in Southwark Diocese
harvest is rich but the labourers are few.”
priests speak of knowing from infancy that God was calling them to the
priesthood, but for me it was more a case of slowly responding to what
had, in youth, been only a vague notion. I first had the idea of the
possibility of becoming a priest in my early teens, having been blessed
to grow up in a Catholic family with the example of good parish
priests. Later, however, I drifted in my feelings about priesthood -
and indeed my Catholic faith generally - and it was not until I reached
Oxford that I began to attend vocation discernment events organised by
our zealous university chaplain.
© Marcin Mazur
And yet still I was not sure. With hindsight I was looking for
certainty, perhaps some cast-iron proof that this was the path that God
was calling me to follow, before I was willing to take a risk. I wanted
a degree of confidence that I now realise can only come from taking the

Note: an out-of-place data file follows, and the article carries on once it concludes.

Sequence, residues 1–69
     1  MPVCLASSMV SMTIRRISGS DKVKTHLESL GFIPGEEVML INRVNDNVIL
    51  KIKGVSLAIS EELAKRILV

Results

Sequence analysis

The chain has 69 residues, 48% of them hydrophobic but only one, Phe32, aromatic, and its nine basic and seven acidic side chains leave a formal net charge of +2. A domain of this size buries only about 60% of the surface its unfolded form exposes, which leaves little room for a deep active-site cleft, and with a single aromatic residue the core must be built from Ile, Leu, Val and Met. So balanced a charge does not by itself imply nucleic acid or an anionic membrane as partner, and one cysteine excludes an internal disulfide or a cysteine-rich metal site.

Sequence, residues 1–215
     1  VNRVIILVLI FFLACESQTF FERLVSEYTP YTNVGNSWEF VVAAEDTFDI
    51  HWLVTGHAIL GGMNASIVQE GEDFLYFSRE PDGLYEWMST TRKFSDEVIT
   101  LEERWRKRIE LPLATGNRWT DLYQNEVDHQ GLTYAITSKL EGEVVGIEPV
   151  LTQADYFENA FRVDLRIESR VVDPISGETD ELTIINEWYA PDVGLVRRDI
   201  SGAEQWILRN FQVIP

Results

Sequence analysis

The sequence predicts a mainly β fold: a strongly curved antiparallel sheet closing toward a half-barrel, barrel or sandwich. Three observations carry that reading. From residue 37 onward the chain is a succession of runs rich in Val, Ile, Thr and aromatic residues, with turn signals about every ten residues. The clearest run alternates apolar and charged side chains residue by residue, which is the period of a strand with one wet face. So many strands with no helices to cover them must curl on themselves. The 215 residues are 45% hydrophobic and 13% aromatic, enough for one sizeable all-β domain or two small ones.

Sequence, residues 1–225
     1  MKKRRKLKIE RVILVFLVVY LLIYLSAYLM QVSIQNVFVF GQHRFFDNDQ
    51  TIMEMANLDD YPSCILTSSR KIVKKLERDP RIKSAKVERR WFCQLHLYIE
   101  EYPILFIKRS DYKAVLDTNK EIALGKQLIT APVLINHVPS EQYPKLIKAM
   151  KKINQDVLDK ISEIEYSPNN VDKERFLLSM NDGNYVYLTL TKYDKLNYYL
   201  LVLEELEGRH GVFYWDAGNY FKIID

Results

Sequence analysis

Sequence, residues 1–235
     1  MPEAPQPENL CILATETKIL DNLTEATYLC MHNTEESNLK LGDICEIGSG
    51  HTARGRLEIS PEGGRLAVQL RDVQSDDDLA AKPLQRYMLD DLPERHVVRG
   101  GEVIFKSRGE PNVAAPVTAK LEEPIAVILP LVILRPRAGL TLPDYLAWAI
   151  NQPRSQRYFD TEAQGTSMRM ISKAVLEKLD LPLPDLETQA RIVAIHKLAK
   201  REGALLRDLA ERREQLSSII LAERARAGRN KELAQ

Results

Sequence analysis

plunge, embracing that which prayer suggests the Lord is asking of you.
I spent time teaching in England and South America, pursued graduate
studies, and considered other possible careers before I finally
accepted what I would discover had been evident to others long before
it was to me. Nothing else would bring me the fulfilment and joy which
are to be found in answering the call, in surrendering oneself to God’s
service in the sacred priesthood.
From the day I entered seminary to the day I write these words, I have
not regretted pursuing this path. The journey is not always
straightforward; seminary formation has its times of trial, and parish
life can be demanding. But if you suspect that the Lord who loves you
and who knows you - better than you love and know yourself - is calling
you to labour for His harvest, how can you refuse?